I made my initial decision within my own mind right there, as I sat with my wife and the doctor. I would choose surgery. If I opted to remove the cancer outright, would I not also remove the possibility of causing my family undue pain and grief?

Yet there was something unsettling about such a quick decision. I knew that at best it was an ill informed decision, freighted with the emotion of past events and lacking in the kind of knowledge one needs when confronting a life altering event. I owed my new wife some input and discussion -- her life was also being altered -- and I felt that I also owed myself some additional research and reflection.

I kept my initial decision to myself. We thanked the doctor and I told him he would have my decision within a week. Then I went home and talked to my wife. Together, we began to study the options in earnest.

Throughout the next five days my prostate cancer dominated our lives. We laughed as we recalled that the last time we were this intense about a decision was several years before, when we discovered termites in our house. The analogies between that decision and this one carried a certain grim humor for us. After two frantic days of worrying about what could be done, we contacted a termite expert. He examined the house and assured us that the infestation was very minor.

We had the house chemically treated and then hired carpenters to rebuild the termite-damaged section. As the work progressed, we decided to replace all of the windows in the house and do some additional repairs. Ultimately, we contracted for a major home renovation. Hopefully our decision about my cancer would not entail the same kind of major rehab on my pelvic region.

During the following days I had a long talk with my family physician and I consulted with another urologist. I logged more than 24 hours on the Internet and found that the volume of information there was overwhelming. There were more than one hundred web sites devoted to prostate cancer, with more than five thousand articles, papers, chat rooms and discussion groups.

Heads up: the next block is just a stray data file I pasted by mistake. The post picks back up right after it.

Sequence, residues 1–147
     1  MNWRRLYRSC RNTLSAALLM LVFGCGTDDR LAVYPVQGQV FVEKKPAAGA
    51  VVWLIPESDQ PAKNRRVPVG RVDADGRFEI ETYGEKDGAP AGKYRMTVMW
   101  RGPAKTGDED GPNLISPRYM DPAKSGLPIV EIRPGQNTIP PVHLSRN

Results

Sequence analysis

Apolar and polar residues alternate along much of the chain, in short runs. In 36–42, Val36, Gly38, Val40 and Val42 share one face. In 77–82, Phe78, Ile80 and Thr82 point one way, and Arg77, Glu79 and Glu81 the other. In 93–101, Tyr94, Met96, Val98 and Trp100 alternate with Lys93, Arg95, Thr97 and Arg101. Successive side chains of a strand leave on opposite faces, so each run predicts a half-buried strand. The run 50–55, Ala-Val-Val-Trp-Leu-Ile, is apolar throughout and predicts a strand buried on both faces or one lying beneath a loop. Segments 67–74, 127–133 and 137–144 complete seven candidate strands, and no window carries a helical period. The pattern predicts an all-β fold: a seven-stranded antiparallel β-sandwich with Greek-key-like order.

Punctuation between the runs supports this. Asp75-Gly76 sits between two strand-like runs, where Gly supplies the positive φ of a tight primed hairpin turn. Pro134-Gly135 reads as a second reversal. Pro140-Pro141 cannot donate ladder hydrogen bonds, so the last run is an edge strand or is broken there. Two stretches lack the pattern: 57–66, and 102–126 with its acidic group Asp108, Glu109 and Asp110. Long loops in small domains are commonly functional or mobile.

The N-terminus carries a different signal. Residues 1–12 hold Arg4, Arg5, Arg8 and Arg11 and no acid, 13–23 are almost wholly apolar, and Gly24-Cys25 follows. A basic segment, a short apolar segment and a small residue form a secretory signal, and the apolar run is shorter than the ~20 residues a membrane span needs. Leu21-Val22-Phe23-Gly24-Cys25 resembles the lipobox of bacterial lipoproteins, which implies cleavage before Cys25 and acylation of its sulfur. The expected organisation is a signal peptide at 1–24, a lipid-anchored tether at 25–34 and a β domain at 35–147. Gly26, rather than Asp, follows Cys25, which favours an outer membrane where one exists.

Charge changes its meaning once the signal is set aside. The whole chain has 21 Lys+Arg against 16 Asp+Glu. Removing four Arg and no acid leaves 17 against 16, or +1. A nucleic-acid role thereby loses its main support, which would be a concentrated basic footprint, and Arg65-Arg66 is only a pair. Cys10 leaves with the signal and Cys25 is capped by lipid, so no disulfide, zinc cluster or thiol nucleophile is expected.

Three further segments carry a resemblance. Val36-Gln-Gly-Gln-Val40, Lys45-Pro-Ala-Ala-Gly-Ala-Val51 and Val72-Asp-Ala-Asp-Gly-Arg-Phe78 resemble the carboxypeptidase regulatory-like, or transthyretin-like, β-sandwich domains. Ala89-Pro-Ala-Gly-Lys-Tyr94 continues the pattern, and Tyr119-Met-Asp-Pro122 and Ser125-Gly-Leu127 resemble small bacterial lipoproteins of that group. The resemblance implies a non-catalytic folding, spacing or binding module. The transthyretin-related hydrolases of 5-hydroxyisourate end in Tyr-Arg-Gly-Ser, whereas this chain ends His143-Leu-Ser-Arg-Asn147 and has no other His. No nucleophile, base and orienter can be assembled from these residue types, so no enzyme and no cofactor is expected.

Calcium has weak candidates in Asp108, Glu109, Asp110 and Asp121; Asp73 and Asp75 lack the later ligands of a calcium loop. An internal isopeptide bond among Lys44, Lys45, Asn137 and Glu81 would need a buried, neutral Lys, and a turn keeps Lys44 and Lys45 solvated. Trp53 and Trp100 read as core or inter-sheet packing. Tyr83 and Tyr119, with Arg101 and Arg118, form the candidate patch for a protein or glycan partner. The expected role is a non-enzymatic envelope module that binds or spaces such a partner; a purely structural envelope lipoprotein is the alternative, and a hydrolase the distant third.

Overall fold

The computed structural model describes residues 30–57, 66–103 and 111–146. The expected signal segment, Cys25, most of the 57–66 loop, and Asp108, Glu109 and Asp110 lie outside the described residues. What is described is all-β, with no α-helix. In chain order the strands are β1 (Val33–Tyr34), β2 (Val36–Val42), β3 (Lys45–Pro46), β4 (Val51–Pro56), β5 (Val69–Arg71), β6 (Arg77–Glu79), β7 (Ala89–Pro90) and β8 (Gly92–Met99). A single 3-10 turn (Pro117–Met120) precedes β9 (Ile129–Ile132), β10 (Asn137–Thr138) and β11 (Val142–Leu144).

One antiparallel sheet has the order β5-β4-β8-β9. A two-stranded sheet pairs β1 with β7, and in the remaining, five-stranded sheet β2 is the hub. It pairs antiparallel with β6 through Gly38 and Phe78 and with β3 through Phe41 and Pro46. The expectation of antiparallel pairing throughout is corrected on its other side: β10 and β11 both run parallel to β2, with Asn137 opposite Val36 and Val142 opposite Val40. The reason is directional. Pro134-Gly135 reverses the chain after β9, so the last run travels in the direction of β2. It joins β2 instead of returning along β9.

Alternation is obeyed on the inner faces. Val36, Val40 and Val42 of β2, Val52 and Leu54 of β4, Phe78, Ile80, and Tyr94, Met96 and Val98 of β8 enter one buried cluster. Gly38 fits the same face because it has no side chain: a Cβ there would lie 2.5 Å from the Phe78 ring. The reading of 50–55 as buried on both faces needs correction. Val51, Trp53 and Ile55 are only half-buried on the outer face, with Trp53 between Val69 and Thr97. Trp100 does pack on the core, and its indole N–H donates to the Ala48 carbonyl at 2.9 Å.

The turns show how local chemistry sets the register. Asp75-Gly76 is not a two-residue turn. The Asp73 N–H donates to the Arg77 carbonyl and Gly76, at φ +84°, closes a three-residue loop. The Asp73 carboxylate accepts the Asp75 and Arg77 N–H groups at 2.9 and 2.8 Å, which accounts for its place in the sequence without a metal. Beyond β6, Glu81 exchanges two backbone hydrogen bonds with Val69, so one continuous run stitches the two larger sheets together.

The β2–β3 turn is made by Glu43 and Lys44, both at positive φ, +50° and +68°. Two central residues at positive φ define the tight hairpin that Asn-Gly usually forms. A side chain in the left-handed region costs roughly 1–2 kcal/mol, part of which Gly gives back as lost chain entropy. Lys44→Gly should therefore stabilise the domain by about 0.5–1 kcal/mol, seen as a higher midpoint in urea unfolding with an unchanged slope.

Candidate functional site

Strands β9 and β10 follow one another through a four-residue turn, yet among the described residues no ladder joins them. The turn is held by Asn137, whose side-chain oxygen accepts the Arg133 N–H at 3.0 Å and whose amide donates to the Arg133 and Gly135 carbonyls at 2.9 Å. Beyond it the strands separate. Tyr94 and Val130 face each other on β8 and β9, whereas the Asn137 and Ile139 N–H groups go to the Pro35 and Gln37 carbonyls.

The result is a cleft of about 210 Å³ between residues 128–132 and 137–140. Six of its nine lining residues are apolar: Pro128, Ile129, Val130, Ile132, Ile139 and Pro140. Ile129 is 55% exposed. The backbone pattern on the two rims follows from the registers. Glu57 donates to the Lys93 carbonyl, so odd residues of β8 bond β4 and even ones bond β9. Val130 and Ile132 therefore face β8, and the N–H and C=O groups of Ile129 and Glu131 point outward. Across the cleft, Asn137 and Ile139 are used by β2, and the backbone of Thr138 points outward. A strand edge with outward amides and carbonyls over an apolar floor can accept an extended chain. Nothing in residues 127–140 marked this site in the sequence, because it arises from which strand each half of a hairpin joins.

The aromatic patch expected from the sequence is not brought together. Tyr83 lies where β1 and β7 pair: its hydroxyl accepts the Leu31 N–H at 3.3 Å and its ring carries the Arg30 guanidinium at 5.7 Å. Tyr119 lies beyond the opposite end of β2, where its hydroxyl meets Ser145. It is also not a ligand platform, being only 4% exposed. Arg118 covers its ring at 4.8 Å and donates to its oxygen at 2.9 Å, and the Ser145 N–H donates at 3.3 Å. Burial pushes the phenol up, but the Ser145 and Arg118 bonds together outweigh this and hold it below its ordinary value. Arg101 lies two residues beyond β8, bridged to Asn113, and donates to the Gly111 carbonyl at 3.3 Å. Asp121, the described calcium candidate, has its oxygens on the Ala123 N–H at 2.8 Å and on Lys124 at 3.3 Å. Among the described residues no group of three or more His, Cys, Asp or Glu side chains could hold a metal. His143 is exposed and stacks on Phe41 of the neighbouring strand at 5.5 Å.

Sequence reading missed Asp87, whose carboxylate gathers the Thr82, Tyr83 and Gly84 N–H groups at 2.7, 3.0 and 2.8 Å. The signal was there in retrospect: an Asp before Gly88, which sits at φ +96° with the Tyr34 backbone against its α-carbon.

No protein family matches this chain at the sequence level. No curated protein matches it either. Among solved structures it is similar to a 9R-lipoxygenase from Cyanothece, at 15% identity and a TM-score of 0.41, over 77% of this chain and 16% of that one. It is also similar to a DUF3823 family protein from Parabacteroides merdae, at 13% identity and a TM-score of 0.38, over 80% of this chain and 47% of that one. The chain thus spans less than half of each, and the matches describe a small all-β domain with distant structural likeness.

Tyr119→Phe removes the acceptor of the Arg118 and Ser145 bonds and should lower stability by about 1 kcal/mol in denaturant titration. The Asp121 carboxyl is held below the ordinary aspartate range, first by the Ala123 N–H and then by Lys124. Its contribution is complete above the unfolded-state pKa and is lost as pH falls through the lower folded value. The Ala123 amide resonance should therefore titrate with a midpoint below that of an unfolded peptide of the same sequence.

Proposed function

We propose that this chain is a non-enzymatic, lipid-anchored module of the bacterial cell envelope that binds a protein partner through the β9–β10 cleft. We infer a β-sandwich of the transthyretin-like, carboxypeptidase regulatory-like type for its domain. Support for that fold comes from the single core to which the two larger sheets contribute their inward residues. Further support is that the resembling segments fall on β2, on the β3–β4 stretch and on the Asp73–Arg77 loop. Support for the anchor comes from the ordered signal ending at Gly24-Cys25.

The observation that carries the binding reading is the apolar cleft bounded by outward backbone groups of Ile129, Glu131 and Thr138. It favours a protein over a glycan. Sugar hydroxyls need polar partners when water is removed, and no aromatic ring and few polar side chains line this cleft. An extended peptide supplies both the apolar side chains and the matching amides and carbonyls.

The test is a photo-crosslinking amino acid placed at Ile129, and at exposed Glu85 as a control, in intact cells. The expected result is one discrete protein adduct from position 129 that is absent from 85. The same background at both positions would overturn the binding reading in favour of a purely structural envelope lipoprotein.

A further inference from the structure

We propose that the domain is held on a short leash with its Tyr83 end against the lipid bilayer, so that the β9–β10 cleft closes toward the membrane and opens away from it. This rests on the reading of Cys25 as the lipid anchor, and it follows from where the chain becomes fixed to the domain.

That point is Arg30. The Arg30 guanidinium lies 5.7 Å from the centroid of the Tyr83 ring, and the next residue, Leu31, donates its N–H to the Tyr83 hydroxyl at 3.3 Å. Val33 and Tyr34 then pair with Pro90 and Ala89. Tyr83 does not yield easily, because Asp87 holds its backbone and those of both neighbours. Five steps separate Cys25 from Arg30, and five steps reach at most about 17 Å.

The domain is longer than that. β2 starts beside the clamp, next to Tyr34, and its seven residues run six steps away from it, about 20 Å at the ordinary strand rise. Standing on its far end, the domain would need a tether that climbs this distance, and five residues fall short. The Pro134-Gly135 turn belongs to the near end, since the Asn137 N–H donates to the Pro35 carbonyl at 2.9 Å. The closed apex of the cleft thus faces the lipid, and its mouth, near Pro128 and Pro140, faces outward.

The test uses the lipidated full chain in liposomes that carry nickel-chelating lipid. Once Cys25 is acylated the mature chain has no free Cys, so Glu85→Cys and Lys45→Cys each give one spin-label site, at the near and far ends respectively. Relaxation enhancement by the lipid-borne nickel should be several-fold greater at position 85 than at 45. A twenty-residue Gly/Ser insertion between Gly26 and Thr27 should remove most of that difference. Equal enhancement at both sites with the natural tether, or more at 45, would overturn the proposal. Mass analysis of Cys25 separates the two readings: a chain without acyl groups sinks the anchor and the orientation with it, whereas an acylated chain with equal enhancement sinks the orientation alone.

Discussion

I selected three web sites maintained by reputable experts in the field of prostate cancer treatment and downloaded their content. A website at The University of Michigan Medical Center ( gave me detailed information on surgery. The website of the Seattle Prostate Institute ( answered all of my questions about radiation therapies. The website of The Prostate Cancer Initiative ( contained valuable information about the nature of prostate cancer, its detection, and treatment options. I also spoke with eight men who had undergone various treatments for their own prostate cancers.

Finally, I spoke with one of the radiation oncologists that my urologist had recommended as a source for information about radiation treatments. The most striking thing about that conversation was the objectivity that the oncologist brought to our discussion. He did not attempt to "sell" me on his procedures. To the contrary the oncologist read the pathologist's report, spoke with my urologist and then explained all the options to me once again. He told me where to go on the Internet to gain additional information about each option, wished me good luck with my choices, and then told me where I could reach him -- night or day -- if I had more questions.

I went back to the Internet, gathered more information and then sat down with my wife to discuss it all once again. My wife's concerns mirrored mine.

Though we had known one another for most of our adult lives, Francesca and I had been married less than five years. We were still learning about each other and we were formulating plans for our life together. We were beyond our family-forming years and the major work of rearing children and freeing them to enter the world on their own was complete.

Francesca and I enjoyed a full life together; it was a life rich in the adult pleasures that middle age could bring. We contemplated a future that stretched perhaps two decades into blissful, comfortable old age. We are sensible about our diet, we exercise regularly and we are conscientious about health care. Our doctors had told us we were in good health -- except that now, one of us had cancer.

Like me, Francesca saw our time together as being compressed. The hopeful bubble of mild euphoria that enclosed our life had been burst by the reality of a few errant, evasive cells. Our plans had been moved forward perhaps a decade by a random event of illness. The options presented to us threatened to impinge deeply on the quality of our immediate and future life together.